Commentary: "Love and Rockets is spectacular, and amazingly approachable (What brought me over to the dark side of actually reading it was free time and finding Locas in my local library...), and the kind of thing that I feel embarrassed to have been reticent to read in the first place, which explains why I admit to it in public like this." – Graeme McMillan, Robot 6

Popeye Vol. 1:

Commentary: The Hooded Utilitarian's critical roundtable on Popeye concludes with Robert Stanley Martin: "I perceive Segar’s Popeye as a period piece, but I can’t summon a rigorous aesthetic basis for that view. All I can muster is my own idiosyncratic opinion."

New Comics Day 8/18/10
Written by Mike Baehr | Filed under Zak SallySergio PonchioneNew Comics DayLeila MarzocchiIgnatz SeriesGabriella GiandelliDrew Weing 17 Aug 2010 5:00 PM

Our Summer 2010 Ignatz Series titles, which we just got in stock yesterday, are also scheduled to land in comic shops this week! Let's see what the comics bloggers are saying about their imminent arrival, collectively and individually:

"This summer's four new Ignatz releases from Coconino/Fantagraphics, and examples of one of the great comics formats of the last 15 years. I liked the Sammy the Mouse book the best, but they're all beautiful." – Tom Spurgeon, The Comics Reporter

"I've been digging Fantagraphics' Ignatz imprint for a while now, so I'm quite happy that Wednesday sees the release of four new books in that line." – Chris Mautner, Robot 6

---

Grotesque #4 by Sergio Ponchione

Grotesque #4
by Sergio Ponchione

32-page duotone 8.5" x 11" saddle-stitched softcover with jacket • $7.95
(part of the Ignatz Series)
ISBN: 978-1-60699-419-1

"...[A] suite of small character studies, mostly reprised from earlier issues, mostly concerning dissatisfaction over life’s elusive meanings – dynamic visuals both segregate Ponchione’s characters from one another (spatially, design-wise) and suggest a unity of anxiety across varied human experiences. Fun cartooning, at the very least." – Joe McCulloch, Comics Comics

"...[P]ossibly the most unjustly ignored book in the Ignatz line, just as surreal as Sammy [the Mouse], but more cartoony and cerebral, though no less haunting or effective a work. Constantly adventurous in its layout and narrative, it's one of those books that can be read multiple times and still make new discoveries." – Chris Mautner, Robot 6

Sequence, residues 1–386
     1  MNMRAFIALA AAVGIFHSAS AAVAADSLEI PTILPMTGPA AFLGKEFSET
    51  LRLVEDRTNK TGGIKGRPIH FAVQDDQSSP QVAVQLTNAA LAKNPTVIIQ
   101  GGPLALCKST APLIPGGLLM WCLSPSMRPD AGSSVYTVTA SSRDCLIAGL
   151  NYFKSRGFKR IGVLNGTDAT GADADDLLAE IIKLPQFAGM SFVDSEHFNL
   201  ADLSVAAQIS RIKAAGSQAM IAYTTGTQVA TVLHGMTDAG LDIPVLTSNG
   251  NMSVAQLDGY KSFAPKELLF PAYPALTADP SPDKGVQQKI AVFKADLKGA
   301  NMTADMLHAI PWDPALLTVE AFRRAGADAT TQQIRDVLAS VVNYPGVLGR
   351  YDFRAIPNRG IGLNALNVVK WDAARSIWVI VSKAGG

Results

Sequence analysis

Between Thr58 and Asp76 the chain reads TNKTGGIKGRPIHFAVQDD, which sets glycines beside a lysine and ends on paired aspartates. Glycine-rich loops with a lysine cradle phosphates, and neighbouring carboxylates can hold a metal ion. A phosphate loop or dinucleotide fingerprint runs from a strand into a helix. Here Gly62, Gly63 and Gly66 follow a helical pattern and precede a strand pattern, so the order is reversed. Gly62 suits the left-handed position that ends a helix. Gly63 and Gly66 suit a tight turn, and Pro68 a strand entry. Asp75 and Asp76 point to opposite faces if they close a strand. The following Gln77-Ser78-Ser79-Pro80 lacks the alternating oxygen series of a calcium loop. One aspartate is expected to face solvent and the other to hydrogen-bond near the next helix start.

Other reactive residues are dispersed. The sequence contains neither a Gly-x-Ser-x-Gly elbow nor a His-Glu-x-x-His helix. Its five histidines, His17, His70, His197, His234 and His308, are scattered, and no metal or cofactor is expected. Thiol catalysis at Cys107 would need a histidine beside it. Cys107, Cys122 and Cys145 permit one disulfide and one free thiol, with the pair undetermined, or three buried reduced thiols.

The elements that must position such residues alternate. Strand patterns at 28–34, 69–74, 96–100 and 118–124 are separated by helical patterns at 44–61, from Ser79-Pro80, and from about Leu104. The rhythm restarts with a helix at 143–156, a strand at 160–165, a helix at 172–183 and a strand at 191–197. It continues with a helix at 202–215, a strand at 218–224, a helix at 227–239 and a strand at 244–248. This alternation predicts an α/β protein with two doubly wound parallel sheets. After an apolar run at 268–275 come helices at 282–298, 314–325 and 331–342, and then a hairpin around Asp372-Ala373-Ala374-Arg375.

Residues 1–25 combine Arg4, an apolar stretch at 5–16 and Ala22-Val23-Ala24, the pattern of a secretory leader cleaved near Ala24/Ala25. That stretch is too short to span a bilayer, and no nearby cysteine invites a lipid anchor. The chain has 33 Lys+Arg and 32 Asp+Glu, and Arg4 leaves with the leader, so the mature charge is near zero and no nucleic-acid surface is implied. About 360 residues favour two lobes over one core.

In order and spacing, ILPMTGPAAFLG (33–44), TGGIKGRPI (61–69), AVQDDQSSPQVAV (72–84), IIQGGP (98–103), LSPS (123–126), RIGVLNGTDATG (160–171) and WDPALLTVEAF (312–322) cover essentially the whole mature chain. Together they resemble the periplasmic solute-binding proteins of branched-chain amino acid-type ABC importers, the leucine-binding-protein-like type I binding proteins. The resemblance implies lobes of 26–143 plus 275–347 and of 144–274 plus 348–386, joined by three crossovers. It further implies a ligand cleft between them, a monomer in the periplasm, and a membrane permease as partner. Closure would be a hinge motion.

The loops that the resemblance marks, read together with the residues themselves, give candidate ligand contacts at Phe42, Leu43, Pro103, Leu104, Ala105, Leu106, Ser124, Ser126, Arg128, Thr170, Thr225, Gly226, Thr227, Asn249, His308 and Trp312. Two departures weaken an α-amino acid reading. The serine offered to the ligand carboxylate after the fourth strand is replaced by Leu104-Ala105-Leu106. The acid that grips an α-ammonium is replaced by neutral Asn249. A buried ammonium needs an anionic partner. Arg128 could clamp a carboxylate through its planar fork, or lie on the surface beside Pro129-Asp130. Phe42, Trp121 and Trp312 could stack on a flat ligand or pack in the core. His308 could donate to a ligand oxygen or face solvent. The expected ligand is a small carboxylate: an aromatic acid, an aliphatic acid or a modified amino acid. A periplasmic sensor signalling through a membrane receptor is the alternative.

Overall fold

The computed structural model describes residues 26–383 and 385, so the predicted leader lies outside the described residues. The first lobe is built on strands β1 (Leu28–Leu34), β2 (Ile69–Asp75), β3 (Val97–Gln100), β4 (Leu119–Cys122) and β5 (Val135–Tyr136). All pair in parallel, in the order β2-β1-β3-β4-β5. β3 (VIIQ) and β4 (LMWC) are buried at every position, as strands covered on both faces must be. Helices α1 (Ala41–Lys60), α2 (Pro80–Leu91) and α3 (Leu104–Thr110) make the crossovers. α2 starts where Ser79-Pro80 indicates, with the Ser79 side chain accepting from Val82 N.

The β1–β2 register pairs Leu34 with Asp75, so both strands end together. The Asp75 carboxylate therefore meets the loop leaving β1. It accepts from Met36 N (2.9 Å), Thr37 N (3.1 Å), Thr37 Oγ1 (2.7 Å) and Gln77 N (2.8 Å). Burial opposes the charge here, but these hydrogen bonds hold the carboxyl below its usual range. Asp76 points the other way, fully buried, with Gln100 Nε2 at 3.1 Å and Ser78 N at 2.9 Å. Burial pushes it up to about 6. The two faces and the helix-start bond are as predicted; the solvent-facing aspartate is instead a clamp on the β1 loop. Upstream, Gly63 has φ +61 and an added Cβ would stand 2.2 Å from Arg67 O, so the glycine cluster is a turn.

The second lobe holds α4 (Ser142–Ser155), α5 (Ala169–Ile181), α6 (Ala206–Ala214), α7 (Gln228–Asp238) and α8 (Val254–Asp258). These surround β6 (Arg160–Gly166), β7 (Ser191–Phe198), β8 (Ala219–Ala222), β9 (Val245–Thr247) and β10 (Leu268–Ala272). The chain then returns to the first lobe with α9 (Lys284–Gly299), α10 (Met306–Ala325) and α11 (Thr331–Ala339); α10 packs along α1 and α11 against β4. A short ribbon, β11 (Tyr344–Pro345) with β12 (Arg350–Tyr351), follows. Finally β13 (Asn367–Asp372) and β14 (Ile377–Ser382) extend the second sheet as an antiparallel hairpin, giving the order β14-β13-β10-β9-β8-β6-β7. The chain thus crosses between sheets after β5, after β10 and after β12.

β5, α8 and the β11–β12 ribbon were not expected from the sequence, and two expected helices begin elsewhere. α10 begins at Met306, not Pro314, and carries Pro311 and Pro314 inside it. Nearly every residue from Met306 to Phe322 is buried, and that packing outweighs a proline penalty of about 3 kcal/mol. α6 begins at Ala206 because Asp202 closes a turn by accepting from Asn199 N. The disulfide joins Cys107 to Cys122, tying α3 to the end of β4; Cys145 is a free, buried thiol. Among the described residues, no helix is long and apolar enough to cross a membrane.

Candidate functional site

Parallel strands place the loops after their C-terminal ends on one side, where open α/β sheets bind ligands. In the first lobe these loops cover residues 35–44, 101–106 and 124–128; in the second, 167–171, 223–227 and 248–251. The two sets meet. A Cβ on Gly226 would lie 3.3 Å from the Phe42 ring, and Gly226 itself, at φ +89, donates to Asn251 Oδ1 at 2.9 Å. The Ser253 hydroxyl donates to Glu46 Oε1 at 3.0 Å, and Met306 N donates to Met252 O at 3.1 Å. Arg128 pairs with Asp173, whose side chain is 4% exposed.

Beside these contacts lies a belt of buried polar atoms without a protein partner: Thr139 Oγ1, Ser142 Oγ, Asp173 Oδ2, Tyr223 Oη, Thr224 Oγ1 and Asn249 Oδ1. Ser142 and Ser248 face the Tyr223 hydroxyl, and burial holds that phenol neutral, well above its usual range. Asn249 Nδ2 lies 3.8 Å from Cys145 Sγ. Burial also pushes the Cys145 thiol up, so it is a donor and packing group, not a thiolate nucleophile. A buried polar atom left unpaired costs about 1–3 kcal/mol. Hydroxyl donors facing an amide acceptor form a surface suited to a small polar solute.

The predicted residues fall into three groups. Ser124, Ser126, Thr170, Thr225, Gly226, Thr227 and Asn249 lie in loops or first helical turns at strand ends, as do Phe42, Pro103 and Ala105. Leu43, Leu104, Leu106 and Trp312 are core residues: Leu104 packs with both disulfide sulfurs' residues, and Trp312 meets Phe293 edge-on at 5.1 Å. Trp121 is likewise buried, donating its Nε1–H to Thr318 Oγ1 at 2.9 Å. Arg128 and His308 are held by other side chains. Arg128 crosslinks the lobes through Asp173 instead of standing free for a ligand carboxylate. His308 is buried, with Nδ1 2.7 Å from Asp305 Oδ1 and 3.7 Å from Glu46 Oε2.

- - -

Interiorae #4 by Gabriella Giandelli

Interiorae #4
by Gabriella Giandelli

32-page duotone 8.5" x 11" saddle-stitched softcover with jacket • $7.95
(part of the Ignatz Series)
ISBN: 978-1-60699-420-7

"...Gabriella Giandelli‘s story of an apartment building and the mystic cartoon forces that serve as its roving eyes and the roiling collective unconsciousness of its stressed, depressed, idle tenants." – Joe McCulloch, Comics Comics

- - -

Niger #3 by Leila Marzocchi

Niger #3
by Leila Marzocchi

32-page duotone 8.5" x 11" saddle-stitched softcover with jacket • $7.95
(part of the Ignatz Series )
ISBN: 978-1-60699-421-4

"[A] lushly scratched sociological allegory by Leila Marzocchi, not entirely unlike Anders Nilsen’s Big Questions in its gathering of woodland creatures to discuss odd happenings, but more whimsical and 'cartooned,' despite a real lingering atmosphere of threat." – Joe McCulloch, Comics Comics

- - -

Sammy the Mouse #3 by Zak Sally

Sammy the Mouse #3
by Zak Sally

32-page duotone 8.5" x 11" saddle-stitched softcover with jacket • $7.95
(part of the Ignatz Series)
ISBN: 978-1-60699-426-9

"My first choice would be the new issue from Zak Sally, again following slightly mutated cartoon archetypes through a series of journeys and conversations apparently at the beck and call of persuasive, godly forces." – Joe McCulloch, Comics Comics

"The long-awaited new issue of Zak Sally's bleak, meticulous series, which I think is the only Ignatz title about an actual cartoon mouse." – Douglas Wolk, Comics Alliance

"...[A] grubby, disturbingly surreal, anthropomorphic tale involving a surly mouse, drunken duck and reclusive dog, not to mention a number of seemingly nefarious and supernatural elements that turn up from time to time. ...Sally is producing a real sharp, evocative and haunting work that manages to send a delicious chill up my spine upon reading it." – Chris Mautner, Robot 6

- - -

Wolk also plugs Drew Weing's Set to Sea, even though it's not on the official shipping list — "I think the entirety of Drew Weing's wonderfully drawn comic about a frustrated would-be poet who basically becomes Popeye against his will is still online [Not quite – Ed.], but this little hardcover edition (one panel per page) is awfully handsome" — so it may be arriving at your shop if it hasn't already. Why not contact them to find out?

(P.S. There are also new comics — not from us — by Émile Bravo and Trina Robbins in shops this week! Ask your friendly neighborhood comic purveyor.)














Things to see: 8/17/10
Written by Mike Baehr | Filed under Things to seeSteven WeissmanSteve BrodnerstaffSergio PonchioneRichard SalaRenee FrenchNoah Van SciverMatthias LehmannMark KalesnikoKevin HuizengaJosh Simmonsjohn kerschbaumJim WoodringJim FloraJim BlanchardJasonHans RickheitGabrielle BellFrank SantoroEsther Pearl WatsonDrew WeingDrew Friedman 17 Aug 2010 2:34 PM

Periodic clips & strips — click for improved/additional viewing at the sources:

Lady Rambo pages - Esther Pearl Watson

• On Facebook Esther Pearl Watson gave this glimpse at her new work-in-progress graphic novel, a "Lady Rambo" style action-adventure!